Data Puzzle Collection

Data Puzzles are all suitable for middle and high school classrooms. Most Data Puzzles require upwards of two 60-minute class periods to complete. Each Data Puzzle is connected to a specific scientist who has contributed their own or related real datasets for the activity.

The Data Puzzle team will be building out even more activities in the near future, so check back often. Are you interested in developing your own Data Puzzle, or is there a particular topic or dataset you'd like to see in a future activity? Let us know! Contact us at Datapuzzles@colorado.edu.

 

Data Puzzle: Tracing Carbon Through the Arctic Food Web

Arctic food web

Despite average winter temperatures of -30°F and being covered by sea ice for much of the year, the Arctic is home to a huge variety of living things (humans included) that have adapted to these harsh conditions. However, environmental conditions are changing. The Arctic is warming at a rate twice as fast as the global average and as a result, sea ice is melting rapidly. Scientists are racing to learn more about the changing Arctic climate system with some ecologists investigating the question, "how might the decline in sea ice affect Arctic organisms large and small?" 

Scientist: Arctic Ecologists

Dataset(s): Relative percentages of carbon-based fats (produced by sea ice and ocean algae) collected from various Arctic organisms.

NGSS Standards: LS2.B Cycles of Matter and Energy Transfer in Ecosystems

Teacher Guide
Slide Deck
Student Worksheet

 

Data Puzzle: The Tipping Point

Location map

Moss campion is a hearty tundra plant that lives over a wide range of latitudes from New Mexico all the way up to Alaska. For more than twenty years, ecologists have been tracking the vital rates (survival, growth, and reproduction) of moss campion from four study sites to investigate questions like, "How is moss campion reproduction affected by temperature?" Questions like this one can give scientists insight into how these plants might be impacted by climate changes.

Scientists: Ecologists Dr. Bill Morris (Duke University), Dr. Megan DeMarche (University of Georgia), and Dr. Dan Doak (University of Colorado Boulder)

Dataset(s): Moss campion reproduction rate and average July temperatures

NGSS Standards: LS4.C: Adaptations; LS2.C: Ecosystem Dynamics, Functioning, and Resilience; ESS2.D: Weather and Climate

Teacher Guide
Slide Deck
Student Worksheet

 

Data Puzzle: Megadrought in the Colorado River Basin

Megadrought

Much of the western United States is experiencing drought conditions. In this Data Puzzle, students analyze authentic climate data to construct explanatory models for the following question, "What is causing the megadrought in the Colorado River Basin?" Figure credit: National Park Service

Scientist: Seth Arens, Utah Research Integration Specialist for the Western Water Assessment 

Dataset(s): Colorado River Basin temperature and precipitation over time

NGSS Standards: ESS2.D: Weather and Climate

Teacher Guide
Slide Deck
Student Worksheet

 

Data Puzzle: Megafire - Rare Occurrences or the New Normal?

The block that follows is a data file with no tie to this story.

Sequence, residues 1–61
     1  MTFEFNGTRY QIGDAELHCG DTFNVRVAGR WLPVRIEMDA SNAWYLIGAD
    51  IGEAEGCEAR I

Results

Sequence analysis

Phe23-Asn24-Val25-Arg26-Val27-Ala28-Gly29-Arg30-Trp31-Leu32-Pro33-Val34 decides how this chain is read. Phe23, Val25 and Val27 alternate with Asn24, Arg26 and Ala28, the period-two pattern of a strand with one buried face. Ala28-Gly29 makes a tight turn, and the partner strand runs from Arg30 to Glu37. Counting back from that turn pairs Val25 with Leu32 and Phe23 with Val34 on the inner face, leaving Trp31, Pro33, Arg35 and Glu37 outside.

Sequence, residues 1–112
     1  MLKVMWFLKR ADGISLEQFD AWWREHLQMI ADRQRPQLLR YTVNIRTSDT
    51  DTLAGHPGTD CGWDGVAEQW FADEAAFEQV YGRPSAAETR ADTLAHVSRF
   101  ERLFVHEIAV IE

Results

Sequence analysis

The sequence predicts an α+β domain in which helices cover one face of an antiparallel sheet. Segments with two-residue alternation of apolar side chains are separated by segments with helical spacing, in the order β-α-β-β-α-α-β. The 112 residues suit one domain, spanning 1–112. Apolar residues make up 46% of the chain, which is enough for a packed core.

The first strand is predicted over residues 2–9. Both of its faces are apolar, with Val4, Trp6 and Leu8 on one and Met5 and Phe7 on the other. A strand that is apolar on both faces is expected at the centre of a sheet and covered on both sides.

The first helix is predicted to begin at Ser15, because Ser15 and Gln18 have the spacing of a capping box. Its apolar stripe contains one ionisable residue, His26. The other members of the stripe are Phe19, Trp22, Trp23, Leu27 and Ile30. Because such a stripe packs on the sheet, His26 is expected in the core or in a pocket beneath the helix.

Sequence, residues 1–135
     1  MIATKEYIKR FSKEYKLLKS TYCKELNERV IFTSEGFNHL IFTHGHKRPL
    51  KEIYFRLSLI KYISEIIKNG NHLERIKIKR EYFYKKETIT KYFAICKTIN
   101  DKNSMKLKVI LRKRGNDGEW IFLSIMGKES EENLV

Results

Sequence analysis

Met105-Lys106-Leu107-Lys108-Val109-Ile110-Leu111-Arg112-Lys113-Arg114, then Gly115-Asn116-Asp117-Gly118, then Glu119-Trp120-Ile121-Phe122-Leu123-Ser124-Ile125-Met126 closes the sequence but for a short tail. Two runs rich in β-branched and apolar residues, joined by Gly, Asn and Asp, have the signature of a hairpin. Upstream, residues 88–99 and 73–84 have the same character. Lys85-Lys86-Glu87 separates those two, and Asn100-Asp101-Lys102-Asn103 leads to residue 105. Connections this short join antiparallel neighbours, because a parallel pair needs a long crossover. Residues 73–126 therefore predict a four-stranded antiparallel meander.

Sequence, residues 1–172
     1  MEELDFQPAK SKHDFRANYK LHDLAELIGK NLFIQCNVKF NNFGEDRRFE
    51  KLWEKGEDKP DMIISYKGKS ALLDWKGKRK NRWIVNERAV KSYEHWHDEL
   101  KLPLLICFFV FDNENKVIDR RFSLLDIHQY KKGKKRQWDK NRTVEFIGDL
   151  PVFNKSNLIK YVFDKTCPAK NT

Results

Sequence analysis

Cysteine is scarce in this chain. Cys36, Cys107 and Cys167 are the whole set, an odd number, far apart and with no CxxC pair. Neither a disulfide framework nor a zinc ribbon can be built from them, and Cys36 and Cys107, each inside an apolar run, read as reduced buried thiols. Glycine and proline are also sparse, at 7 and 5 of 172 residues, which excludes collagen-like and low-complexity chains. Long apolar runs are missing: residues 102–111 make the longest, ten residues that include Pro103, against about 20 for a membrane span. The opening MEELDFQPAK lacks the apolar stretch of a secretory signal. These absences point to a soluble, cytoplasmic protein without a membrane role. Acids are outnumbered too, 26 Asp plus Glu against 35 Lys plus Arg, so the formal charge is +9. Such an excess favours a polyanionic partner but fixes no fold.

Forest fire

Over the past few years there has been a lot of attention in the media given to large wildfires known as, “megafires”. But are megafires a new phenomenon? How and why has the number of megafires changed over time? Figure credit: DMCA

Scientist: Dr. Natasha Stavros, Fire Ecologist at the University of Colorado Boulder

Dataset(s): Megafire frequency over time

NGSS Standards: ESS2.D: Weather and Climate

Teacher Guide
Slide Deck
Student Worksheet

 

Data Puzzle: On a Budget

Global Temperature Anomalies

Rising global temperatures over the past century indicate that Earth’s energy budget is out of balance, with the Arctic heating up at a rate faster than the global average. What can the amount of incoming shortwave and outgoing longwave energy to and from the Arctic tell us about Arctic amplification? Figure credit: NSIDC

Scientist: Dr. Jen Kay, Atmospheric Scientist at the University of Colorado Boulder

Dataset(s): Incoming shortwave radiation (energy from the Sun) and Arctic temperatures over time

NGSS Standards: ESS2.D: Weather and Climate

Teacher Guide
Slide Deck
Student Worksheet

 

Data Puzzle: To Reflect or Not To Reflect

Graph of sea ice over time

The color of Earth's surface determines how much of the Sun's energy is reflected or absorbed, where lighter-colored surfaces are more reflective. How might the Arctic’s albedo be affected by the observed decline in sea ice? Figure credit: NASA

Scientist: Dr. Jen Kay, Atmospheric Scientist at the University of Colorado Boulder

Dataset(s): Albedo and average September sea ice extent in the Arctic over time

NGSS Standards: ESS2.D: Weather and Climate

Teacher Guide
Slide Deck
Student Worksheet
Data Nugget

 

Data Puzzle: It's All Connected

Sea ice lead

What makes the Arctic climate system so unique is the sea ice, which influences the Arctic climate in many ways. What effect, if any, do leads (cracks in the sea ice) have on the transfer of moisture between the Arctic ocean and atmosphere? Photo credit: Michael Gutsche, AWI

Scientist: Gina Jozef, Ph.D. student and drone pilot at the University of Colorado Boulder

Dataset(s): Humidity measurements upwind, downwind, and over an Arctic sea ice lead (crack) at various altitudes

NGSS Standards: ESS2.C: The Roles of Water in Earth's Surface Processes; ESS2.D: Weather and Climate

Teacher Guide
Slide Deck

Student Worksheet

 

 

 

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